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A new Joumal, HEC Forum, which focuses on ethical and legal issues that institutional ethics committees face, is designed to serve as a practical resource for ethics committees, rather than a scholarly academic journal. To this end, its authors are members of ethics committees. Thus far, it has featured articles on such issues as how to publicize an ethics committee within an institution, ways in which mulfi-institutional ethics committees can function, how committees can educate medical staff, and what sort of legal protection institutions should afford ethics committees. The journal is published six times a year by Pergamom Press, Maxwell House, Fairview Park, Elmsford, New York 10523.

In Protocols for Elective Use of Life-sustaining Treatments: A Design Guide (New York: Springer, 1989), Steven H. Miles and Carlos F. Gomez have developed a useful resource for institutional ethics committees engaged in policy development They consider the nature and objectives of protocols for the use of life-sustaining treatments, how to design and implement them, and ways in which they might be applied to specific clinical situations. Ethics committees will find the extensive references and appendices with sample policies in this book especially helpful.

A survey of hospitals having a formal policy regarding advance directives reveals no positive correlation between the existence of ethics committees and the formulation of such policies, S. Van McCrary and Jeffrey P- Botkin report in "Hospital Policy on Advance Directives: Do Institutions Ask Patients about Living Wills?" Journal of the, American Medical Association 262:17 (1989), 2411-14. Moreover, only 43% of existing policies had been reviewed by an ethics committee in hospitals that had such committees and policies. This study suggests that many ethics committees are not actively participating in hospital policy formulation on this issue.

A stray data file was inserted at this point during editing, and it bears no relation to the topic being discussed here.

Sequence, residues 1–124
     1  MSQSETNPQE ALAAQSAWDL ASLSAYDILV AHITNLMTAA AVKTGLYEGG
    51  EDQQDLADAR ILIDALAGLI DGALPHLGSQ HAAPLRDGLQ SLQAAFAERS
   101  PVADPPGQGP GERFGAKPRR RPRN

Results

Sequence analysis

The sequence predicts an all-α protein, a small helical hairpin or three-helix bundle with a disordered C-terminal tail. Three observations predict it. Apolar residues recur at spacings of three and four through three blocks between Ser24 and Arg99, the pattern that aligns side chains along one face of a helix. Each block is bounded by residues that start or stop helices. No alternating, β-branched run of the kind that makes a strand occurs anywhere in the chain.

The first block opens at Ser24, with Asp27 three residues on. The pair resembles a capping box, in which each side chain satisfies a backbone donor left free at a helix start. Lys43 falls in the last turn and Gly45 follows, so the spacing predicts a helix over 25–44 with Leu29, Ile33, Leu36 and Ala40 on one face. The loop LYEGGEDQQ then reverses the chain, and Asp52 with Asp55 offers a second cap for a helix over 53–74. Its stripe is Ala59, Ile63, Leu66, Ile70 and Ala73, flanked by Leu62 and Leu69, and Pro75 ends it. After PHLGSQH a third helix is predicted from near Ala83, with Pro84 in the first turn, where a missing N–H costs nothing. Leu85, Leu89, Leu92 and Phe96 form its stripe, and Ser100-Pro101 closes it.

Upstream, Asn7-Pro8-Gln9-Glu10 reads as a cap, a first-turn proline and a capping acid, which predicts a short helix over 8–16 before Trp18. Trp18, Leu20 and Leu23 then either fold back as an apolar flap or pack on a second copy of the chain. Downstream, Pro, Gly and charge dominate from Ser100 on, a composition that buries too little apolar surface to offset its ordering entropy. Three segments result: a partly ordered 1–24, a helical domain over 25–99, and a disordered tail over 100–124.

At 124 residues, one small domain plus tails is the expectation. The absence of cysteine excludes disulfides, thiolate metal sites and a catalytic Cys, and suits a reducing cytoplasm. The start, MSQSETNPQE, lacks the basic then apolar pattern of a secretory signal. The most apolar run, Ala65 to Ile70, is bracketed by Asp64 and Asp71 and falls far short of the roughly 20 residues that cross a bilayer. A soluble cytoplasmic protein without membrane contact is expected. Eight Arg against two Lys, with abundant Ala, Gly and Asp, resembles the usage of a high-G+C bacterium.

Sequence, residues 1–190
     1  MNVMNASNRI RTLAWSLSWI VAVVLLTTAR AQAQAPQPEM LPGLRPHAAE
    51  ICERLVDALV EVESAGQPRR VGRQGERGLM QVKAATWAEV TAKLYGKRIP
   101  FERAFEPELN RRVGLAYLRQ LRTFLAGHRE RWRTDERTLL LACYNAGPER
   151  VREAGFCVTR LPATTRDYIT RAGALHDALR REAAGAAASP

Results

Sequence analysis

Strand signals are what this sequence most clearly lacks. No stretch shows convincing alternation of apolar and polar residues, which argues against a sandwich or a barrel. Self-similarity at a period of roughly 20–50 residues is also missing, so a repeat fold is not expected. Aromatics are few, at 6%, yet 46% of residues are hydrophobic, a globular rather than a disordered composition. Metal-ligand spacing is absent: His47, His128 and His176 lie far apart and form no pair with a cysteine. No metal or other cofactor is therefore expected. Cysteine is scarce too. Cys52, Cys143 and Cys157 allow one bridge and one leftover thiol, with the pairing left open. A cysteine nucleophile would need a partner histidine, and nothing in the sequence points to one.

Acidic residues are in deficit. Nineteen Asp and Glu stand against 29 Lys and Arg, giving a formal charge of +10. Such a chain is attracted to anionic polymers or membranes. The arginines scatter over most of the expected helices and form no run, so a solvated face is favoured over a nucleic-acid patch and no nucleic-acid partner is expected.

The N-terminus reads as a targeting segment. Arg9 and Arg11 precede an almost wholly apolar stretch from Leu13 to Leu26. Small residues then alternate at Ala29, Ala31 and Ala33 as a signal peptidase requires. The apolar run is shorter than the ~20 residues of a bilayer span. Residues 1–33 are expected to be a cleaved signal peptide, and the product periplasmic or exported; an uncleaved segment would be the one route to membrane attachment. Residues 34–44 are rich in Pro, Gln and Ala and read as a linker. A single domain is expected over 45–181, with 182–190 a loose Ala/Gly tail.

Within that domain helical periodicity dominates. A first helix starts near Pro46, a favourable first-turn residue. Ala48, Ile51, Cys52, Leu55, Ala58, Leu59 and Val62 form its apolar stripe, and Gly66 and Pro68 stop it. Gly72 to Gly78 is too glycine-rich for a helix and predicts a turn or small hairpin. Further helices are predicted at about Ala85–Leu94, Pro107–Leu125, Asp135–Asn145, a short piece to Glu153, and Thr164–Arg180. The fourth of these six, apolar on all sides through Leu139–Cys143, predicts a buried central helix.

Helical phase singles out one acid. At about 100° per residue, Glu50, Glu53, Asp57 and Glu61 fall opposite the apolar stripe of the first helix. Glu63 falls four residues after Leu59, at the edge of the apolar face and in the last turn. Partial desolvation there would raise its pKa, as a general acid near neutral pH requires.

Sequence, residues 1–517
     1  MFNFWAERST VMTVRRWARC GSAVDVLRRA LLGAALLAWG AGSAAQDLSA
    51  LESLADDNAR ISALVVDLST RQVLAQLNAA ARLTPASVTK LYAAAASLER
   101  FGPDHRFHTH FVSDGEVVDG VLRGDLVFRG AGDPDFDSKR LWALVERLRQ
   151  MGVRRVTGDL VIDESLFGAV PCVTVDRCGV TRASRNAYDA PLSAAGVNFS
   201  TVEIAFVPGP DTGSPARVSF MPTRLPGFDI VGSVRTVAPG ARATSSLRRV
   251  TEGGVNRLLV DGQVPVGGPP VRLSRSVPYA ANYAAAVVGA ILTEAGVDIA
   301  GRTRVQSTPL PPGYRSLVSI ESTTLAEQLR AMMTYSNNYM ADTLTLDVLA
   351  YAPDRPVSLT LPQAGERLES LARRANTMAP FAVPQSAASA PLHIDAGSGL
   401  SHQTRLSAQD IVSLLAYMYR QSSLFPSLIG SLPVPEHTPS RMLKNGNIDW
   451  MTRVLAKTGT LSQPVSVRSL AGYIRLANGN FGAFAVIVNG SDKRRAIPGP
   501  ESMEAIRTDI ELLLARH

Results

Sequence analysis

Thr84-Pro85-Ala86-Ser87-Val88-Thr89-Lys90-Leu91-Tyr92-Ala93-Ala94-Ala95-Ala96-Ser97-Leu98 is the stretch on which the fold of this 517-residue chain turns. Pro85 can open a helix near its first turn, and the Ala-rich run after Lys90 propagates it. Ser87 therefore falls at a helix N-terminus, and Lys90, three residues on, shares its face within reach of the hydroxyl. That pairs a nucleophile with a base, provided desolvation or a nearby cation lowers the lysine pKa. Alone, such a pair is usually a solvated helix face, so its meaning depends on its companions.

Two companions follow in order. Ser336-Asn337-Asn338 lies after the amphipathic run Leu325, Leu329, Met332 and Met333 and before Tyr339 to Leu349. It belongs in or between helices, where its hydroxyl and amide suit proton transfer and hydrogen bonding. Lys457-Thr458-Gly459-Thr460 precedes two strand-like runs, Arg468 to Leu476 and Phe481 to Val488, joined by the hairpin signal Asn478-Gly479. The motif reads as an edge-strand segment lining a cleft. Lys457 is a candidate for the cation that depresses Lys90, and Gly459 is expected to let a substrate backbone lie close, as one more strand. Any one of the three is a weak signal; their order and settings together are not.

Ethics committees and ethics consultants have different functions and identifies, John La Puma and Stephen E. Toulmin maintain in "Ethics Consultants and Ethics Committees" Archives of Internal Medicine 149:5 (1989), 109-112. Ethics committees, they argue, are too distant from the bedside to assist in patient care and should instead function as administrative bodies that formulate institutional policy, educate hospital staff, and provide a forum for interdisciplinary discussion of ethical issues. Ethics consultants who are clinicians-persons who understand a patient's medical condition and take pan in "managing" their care-should perform ethics consultations, for their knowledge of individual patients and common medical conditions enables them to clarify clinical ethical questions and contribute to effective patient care.
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Title Annotation:ethics committees
Publication:The Hastings Center Report
Date:Mar 1, 1990
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